Oct 2, 2014

Easy As....

The famous expression “easy as pie” should actually be “easy as galette!” Those of you who have
attempted to make the perfect pie (and I don’t mean those who use frozen piecrust) with less than
desirable results know exactly what I mean. Pie crusts need to be kept at specific temperatures, never
over-mixed and definitely take some skill. Galettes, on the other hand are much more forgiving. They
don’t require a fancy fluted edge or exact measurements. Galette dough is easily made in a food
processor. Its freeform shape is perfect for the less-than-professional baker.
What is a galette, you ask? The term galette is used primarily to refer to rustic, freeform tarts made with
a single crust of pastry or bread dough, like a pizza. If the filling is very moist, the sides of a galette may
be folded up and over to contain the juices. The edges may be simply crimped and left flat.
The term galette has another definition that is tied to the French word galet, meaning a smooth, flat
pebble. Some food historians explain that the very earliest breads were indeed galettes—simple,
unleavened breads made by smearing thick batter or paste on hot stones.
Galettes can be sweet or savory. They may contain any filling from fruit or vegetables to meat or even
cheesecake-type fillings.

Cabbage and Mushroom Galette

for the pastry:
1 1/2 cups all-purpose flour
1/4 teaspoon salt
1 stick plus 2 tbsp cold margarine, cut into pieces
1/3 cup ice water

Filling:

3 tablespoons canola oil, divided
2 medium yellow onions, sliced
16 ounces shredded cabbage
1 teaspoon salt, divided
Freshly ground pepper to taste
6 portobello mushroom caps, peeled and scraped clean
3 large cloves garlic, chopped
1/4 cup dry red wine

In a food processor, combine the flour, salt and margarine and process for about 5 seconds. Sprinkle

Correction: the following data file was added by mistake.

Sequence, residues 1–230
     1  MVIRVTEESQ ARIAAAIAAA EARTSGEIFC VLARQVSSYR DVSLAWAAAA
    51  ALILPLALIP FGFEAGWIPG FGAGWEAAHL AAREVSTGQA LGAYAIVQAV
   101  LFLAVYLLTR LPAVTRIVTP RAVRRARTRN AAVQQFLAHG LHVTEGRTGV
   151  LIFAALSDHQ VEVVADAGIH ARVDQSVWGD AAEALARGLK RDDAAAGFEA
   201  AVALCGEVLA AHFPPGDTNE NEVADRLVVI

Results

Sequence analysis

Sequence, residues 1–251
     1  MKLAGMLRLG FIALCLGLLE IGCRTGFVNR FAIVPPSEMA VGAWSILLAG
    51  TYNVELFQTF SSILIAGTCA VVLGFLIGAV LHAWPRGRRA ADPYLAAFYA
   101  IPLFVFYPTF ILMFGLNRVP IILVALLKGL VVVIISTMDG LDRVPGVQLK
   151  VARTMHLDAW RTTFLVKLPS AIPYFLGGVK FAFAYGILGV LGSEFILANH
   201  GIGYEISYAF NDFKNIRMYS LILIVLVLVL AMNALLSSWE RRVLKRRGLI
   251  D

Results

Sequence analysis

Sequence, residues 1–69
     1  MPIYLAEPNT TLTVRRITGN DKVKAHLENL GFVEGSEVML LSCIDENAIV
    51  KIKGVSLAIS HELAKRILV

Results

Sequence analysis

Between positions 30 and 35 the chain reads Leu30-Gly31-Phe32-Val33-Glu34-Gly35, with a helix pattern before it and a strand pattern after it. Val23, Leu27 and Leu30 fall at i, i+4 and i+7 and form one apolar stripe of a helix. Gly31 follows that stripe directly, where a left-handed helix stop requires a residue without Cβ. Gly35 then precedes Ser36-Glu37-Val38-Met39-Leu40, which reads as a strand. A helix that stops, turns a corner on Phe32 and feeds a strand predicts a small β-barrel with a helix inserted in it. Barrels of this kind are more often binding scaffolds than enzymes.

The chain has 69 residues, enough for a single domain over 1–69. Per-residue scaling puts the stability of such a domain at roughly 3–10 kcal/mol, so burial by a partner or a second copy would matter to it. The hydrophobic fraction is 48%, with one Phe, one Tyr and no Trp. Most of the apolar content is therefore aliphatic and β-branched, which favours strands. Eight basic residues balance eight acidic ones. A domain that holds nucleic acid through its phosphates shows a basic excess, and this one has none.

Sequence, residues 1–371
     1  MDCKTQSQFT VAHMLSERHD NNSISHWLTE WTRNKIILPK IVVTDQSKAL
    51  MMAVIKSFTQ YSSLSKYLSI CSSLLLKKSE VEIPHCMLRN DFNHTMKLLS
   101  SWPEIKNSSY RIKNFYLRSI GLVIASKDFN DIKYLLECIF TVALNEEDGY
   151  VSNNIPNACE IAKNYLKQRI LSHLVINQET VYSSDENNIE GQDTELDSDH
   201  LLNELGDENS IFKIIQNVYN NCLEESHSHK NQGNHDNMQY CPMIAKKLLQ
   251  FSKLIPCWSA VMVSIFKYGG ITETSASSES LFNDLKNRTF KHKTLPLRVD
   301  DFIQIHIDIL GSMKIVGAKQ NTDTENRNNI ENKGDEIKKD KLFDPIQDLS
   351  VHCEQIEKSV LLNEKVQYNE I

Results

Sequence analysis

the ice water over the flour mixture and pulse until the pastry just begins to come together, about 10
seconds; you should still be able to see small pieces of margarine in it. Transfer the pastry to a work
surface, gather it together and pat into a disk. Wrap the pastry in plastic and refrigerate until chilled.
(You can also roll out the pastry and use it right away.)

To prepare filling:
Heat 2 tablespoons oil in a large skillet over high heat. Add onions; cook, stirring, until translucent,
4 to 6 minutes. Add cabbage and 1/2 teaspoon salt. Reduce heat to medium and cook, stirring often,
for 10 minutes. Then reduce heat to low, cover and cook, stirring occasionally, until greatly reduced and golden, 40 to 50 minutes. Season with a dash of pepper.

Cut the caps into 1-inch pieces. Heat the remaining 1 tablespoon oil in another large skillet over

medium-high heat.
Cook garlic, stirring, for 1 minute. Add the mushrooms, and remaining salt. Cook, stirring often, until
the mushrooms are tender and begin to brown, about 10 minutes. Add wine; cook, until it cooks away,
about 1 minute. Add the mushrooms to the cabbage.
Preheat oven 400°F.

On a sheet of parchment paper, roll the dough out into a 15-inch circle. Go slowly and if it cracks just
press the pieces together.

Dust with flour as needed and keep the circle as even as you can, but don’t worry about rough edges.
Spread the cabbage-mushroom mixture over the pastry, leaving a 2-inch border. Use the parchment to
lift the edges of the pastry and fold loosely over the filling in 2- or 3-inch sections. It may crack as you
fold it, but that’s fine. Transfer the galette, on the parchment, onto a baking sheet.

Bake the galette for 35-40 minutes. Let cool at least 15 minutes on the baking sheet. Lift parchment and
galette onto a platter; slide the parchment out. Serve hot, warm or at room temperature.

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